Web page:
Probability – Aptitude Questions and Answers

Probability Aptitude Questions and Answers

Probability aptitude questions and answers section with explanation. Practice online test for various interview, competitive and entrance exams.

1. The probability that A speaks truth is 3/5 and that of B speaking truth is 4/7. What is the probability that they agree in stating the same fact?

A.18/35        B.12/35        C.17/35        D.19/35        E.None of these

Answer: A

Explanation:

If both agree stating the same fact, either both of them speak truth of both speak false.
Probability = 3/5 * 4/7 + 2/5 * 3/7
= 12/35 + 6/35 = 18/35

2. Out of 15 consecutive numbers, 2 are chosen at random. The probability that they are both odds or both primes is -.

A.10/17        B.10/19        C.46/105    D.11/15        E.Cannot be determined

Answer: E

Explanation:

There is no definite formula for finding prime numbers among 15 consecutive numbers. Hence the probability cannot be determined.

3. What is the probability that a leap year has 53 Sundays and 52 Mondays?

A.0        B.1/7        C.2/7        D.5/7        E.6/7
   
Answer: B

Explanation:

A leap year has 52 weeks and two days
Total number of cases = 7
Number of favourable cases = 1
i.e., {Saturday, Sunday}
Required Probability = 1/7

4. 10 books are placed at random in a shelf. The probability that a pair of books will always be together is -.

A.1/10        B.9/10        C.1/5        D.3/10        E.1/2

Answer: C

Explanation:

10 books can be rearranged in 10! ways consider the two books taken as a pair then number of favourable ways of getting these two books together is 9! 2!
Required probability = 1/5

5. Three 6 faced dice are thrown together. The probability that all the three show the same number on them is -.

A.1/216        B.1/36        C.5/9        D.5/12        E.7/12

Answer: B

Explanation:

It all 3 numbers have to be same basically we want triplets. 111, 222, 333, 444, 555 and 666. Those are six in number. Further the three dice can fall in 6 * 6 * 6 = 216 ways.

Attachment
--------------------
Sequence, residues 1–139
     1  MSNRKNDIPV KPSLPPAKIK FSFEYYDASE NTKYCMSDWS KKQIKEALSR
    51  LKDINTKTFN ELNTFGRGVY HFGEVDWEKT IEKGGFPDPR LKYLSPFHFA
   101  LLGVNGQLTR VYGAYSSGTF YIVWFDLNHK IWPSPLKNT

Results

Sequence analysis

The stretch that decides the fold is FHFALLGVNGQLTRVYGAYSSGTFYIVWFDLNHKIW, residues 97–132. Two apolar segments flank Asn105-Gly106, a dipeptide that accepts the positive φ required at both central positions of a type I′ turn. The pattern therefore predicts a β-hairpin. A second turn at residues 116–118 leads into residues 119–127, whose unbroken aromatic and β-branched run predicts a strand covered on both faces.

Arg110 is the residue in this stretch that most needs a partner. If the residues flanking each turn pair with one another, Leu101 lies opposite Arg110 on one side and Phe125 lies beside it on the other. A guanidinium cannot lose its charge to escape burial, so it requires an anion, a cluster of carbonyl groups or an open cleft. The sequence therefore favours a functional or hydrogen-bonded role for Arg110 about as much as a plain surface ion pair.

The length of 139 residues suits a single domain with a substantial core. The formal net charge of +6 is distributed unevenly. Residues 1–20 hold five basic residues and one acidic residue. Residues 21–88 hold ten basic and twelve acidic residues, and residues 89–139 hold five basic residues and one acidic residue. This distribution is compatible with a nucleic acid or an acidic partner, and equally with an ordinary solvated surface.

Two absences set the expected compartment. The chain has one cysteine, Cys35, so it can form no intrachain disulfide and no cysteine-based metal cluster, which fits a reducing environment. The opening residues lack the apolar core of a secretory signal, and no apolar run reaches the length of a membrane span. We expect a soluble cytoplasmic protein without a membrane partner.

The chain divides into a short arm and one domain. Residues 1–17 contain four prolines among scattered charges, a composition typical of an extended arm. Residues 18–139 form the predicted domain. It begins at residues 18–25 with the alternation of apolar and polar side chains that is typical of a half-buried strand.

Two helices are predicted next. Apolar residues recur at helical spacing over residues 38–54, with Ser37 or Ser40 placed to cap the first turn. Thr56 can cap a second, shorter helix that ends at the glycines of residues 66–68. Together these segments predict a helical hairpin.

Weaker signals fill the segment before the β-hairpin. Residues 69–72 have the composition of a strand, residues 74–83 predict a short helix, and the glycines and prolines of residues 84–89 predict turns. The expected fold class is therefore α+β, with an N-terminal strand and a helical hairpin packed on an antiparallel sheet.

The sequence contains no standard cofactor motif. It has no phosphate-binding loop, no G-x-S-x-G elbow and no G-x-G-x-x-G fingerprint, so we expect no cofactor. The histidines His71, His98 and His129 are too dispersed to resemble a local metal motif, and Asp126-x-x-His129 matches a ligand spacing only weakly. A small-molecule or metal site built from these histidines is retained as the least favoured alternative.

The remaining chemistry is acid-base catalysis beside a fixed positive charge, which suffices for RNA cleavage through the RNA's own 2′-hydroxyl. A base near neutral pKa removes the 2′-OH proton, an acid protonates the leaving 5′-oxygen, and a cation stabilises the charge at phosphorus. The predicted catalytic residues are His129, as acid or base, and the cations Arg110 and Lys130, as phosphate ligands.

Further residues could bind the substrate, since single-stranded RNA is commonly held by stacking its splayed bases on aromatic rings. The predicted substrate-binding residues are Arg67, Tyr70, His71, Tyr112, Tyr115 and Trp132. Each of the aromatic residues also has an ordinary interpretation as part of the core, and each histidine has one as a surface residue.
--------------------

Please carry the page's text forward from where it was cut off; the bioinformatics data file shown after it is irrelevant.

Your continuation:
Hence the probability is 6/216 = 1/36

6. Three 6 faced dice are thrown together. The probability that no two dice show the same number on them is -.

A.7/12        B.5/9        C.1/36        D.5/12        E.8/9

Answer: B

Explanation:

No two dice show same number would mean all the three faces should show different numbers. The first can fall in any one of the six ways. The second die can show a different number in five ways. The third should show a number that is different from the first and second. This can happen in four ways.
Thus 6 * 5 * 4 = 120 favourable cases.
The total cases are 6 * 6 * 6 = 216.
The probability = 120/216 = 5/9.

7. Three 6 faced dice are thrown together. The probability that exactly two dice show the same number on them is -.

A.5/9        B.5/12        C.1/36        D.7/12        E.4/9

Answer: B

Explanation:

Using question number 11 and 12, we get the probability as
1 – (1/36 + 5/9) = 5/12

8. A box contains nine bulbs out of which 4 are defective. If four bulbs are chosen at random, find the probability that atleast one bulb is good.

A.6/63        B.2/63        C.125/126    D.1/126        E.1/63

Answer: C

Explanation:

Required probability = 1 – 1/126 = 125/126

9. If a card is drawn from a well shuffled pack of cards, the probability of drawing a spade or a king is -.

A.19/52        B.17/52        C.5/13        D.4/13        E.9/26

Answer: D

Explanation:

P(SᴜK) = P(S) + P(K) – P(S∩K), where S denotes spade and K denotes king.
P(SᴜK) = 13/52 + 4/52 – 1/52 = 4/13

10. If six persons sit in a row, then the probability that three particular persons are always together is -.

A.1/20        B.3/10        C.1/5        D.4/5        E.2/5
   
Answer: C

Explanation:

Six persons can be arranged in a row in 6! ways. Treat the three persons to sit together as one unit then there four persons and they can be arranged in 4! ways. Again three persons can be arranged among them selves in 3! ways. Favourable outcomes = 3!4! Required probability = 3!4!/6! = 1/5


Also Check: Aptitude Questions and Answers

Areas Averages Ratio and Proportion
Time and Distance Simple Interest Simple Equations
Profit and Loss Volumes Percentages
Problems on Numbers LCM and HCF Partnership
Time and Work Compound Interest Mensuration

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